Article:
Hu Z, Fan C, Oh D, Marron J, He X, Qaqish B, Livasy C, Carey L, Reynolds E, Dressler L, Nobel A, Parker J, Ewend M, Sawyer L, Wu J, Liu Y, Nanda R, Tretiakova M, Ruiz Orrico A, Dreher D, Palazzo J, Perreard L, Nelson E, Mone M, Hansen H, Mullins M, Quackenbush J, Ellis M, Olopade O, Bernard P, Perou C: The molecular portraits of breast tumors are conserved across microarray platforms. BMC Genomics 2006, 7: 96. 10.1186/14712164796
Zhong W, Zeng P, Ma P, Liu J, Zhu Y: RSIR: regularized sliced inverse regression for motif discovery. Bioinformatics 2005, 21: 4169–4175. 10.1093/bioinformatics/bti680
Li L: Sparse sufficient dimension reduction. Biometrika 2007, 94(3):603–613. 10.1093/biomet/asm044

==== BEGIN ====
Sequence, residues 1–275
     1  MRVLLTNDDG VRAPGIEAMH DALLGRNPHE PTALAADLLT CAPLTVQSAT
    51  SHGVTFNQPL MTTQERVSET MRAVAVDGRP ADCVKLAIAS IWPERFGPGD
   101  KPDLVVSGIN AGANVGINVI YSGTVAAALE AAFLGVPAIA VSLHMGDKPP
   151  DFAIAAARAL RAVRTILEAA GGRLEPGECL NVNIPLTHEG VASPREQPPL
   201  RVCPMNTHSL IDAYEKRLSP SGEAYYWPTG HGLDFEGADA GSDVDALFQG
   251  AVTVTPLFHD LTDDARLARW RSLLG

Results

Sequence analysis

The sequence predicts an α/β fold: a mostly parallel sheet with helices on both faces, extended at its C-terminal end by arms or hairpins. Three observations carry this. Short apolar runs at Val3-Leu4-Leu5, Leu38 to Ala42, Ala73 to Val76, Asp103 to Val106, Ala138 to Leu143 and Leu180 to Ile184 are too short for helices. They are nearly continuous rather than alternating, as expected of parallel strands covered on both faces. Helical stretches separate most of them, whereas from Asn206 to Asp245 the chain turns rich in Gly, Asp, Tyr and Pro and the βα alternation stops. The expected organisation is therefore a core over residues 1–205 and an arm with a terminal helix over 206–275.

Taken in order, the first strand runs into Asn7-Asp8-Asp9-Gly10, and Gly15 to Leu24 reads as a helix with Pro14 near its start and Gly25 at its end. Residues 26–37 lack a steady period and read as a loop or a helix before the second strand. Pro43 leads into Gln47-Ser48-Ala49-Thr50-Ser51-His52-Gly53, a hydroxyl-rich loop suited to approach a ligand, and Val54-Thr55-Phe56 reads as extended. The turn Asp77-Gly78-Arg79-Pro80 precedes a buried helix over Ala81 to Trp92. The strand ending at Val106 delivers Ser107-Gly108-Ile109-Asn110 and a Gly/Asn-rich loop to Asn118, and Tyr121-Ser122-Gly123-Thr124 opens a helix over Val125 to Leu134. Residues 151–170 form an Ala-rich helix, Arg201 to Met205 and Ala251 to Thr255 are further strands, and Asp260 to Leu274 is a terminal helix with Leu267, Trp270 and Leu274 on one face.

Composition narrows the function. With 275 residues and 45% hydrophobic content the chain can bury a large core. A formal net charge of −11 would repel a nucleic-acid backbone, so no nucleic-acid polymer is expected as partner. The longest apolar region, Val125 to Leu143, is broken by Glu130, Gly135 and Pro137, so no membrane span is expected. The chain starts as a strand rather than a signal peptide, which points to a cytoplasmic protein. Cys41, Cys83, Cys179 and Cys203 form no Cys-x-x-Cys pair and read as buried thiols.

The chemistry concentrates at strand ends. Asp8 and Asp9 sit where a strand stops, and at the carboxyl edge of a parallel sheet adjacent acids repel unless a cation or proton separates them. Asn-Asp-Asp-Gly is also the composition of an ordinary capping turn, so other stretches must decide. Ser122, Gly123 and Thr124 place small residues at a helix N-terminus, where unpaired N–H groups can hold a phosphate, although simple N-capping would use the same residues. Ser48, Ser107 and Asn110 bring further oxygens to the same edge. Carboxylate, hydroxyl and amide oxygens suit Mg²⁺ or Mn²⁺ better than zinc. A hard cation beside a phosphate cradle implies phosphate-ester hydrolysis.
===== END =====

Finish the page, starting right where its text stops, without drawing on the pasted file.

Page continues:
Shen Q, Uray I, Li Y, Krisko T, Strecker T, Kim H, Brown P: The AP1 transcription factor regulates breast cancer cell growth via cyclins and E2F factors. Oncogene 2007, 27: 366–77. 10.1038/sj.onc.1210643
Taniuchi K, Nakagawa H, Nakamura T, Eguchi H, Ohigashi H, Ishikawa O, Katagiri T, Nakamura Y: Downregulation of RAB6KIFL/KIF20A, a kinesin involved with membrane trafficking of discs large homologue 5, can attenuate growth of pancreatic cancer cell. Cancer Res 2005, 65: 105–112.
Jiang Z, Johnson H, Nie H, Qin J, Bird T, Li X: Pellino 1 is required for interleukin1 (IL1)mediated signaling through its interaction with the IL1 receptorassociated kinase 4 (IRAK4)IRAKtumor necrosis factor receptorassociated factor 6 (TRAF6) complex. J Biol Chem 2003, 278: 10952–10956. 10.1074/jbc.M212112200
Katoh M, Katoh M: MGC9753 gene, located within PPP1R1BSTARD3ERBB2GRB7 amplicon on human chromosome 17q12, encodes the seventransmembrane receptor with extracellular sixcystein domain. Int J Oncol 2003, 22(6):1369–1374.
Author information
Authors and Affiliations
Corresponding author
Additional information
Authors' contributions